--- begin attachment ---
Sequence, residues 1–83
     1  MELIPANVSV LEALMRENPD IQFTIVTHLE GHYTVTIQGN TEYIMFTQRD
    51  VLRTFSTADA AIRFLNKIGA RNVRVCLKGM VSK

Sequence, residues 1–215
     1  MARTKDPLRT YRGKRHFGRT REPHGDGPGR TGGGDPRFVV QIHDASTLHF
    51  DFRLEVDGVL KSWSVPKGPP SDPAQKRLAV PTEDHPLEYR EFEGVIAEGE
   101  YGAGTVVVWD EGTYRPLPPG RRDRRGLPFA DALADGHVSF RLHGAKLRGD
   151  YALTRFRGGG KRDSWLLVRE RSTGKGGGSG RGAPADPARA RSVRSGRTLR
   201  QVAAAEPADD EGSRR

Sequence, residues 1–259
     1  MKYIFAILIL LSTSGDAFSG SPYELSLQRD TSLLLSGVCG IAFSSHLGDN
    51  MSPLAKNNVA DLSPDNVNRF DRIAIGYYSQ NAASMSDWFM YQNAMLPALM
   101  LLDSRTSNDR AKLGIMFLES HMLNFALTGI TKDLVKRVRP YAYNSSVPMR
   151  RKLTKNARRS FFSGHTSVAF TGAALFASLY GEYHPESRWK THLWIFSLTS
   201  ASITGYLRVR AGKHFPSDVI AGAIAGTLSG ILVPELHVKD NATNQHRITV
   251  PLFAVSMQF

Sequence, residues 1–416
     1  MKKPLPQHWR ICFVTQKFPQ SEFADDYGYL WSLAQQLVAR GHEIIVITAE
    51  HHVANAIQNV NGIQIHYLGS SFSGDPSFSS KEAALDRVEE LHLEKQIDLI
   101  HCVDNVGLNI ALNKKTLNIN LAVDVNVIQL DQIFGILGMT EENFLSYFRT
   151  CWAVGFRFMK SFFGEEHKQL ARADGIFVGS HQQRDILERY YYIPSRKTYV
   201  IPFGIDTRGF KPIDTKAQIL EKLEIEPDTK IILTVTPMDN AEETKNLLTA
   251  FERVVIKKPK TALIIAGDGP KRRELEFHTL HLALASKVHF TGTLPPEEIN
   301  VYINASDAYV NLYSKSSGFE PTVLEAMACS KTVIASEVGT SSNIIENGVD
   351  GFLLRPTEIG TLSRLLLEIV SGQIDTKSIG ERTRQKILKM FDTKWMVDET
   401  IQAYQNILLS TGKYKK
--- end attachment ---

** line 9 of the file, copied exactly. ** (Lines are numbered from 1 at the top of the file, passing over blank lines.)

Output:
   201  QVAAAEPADD EGSRR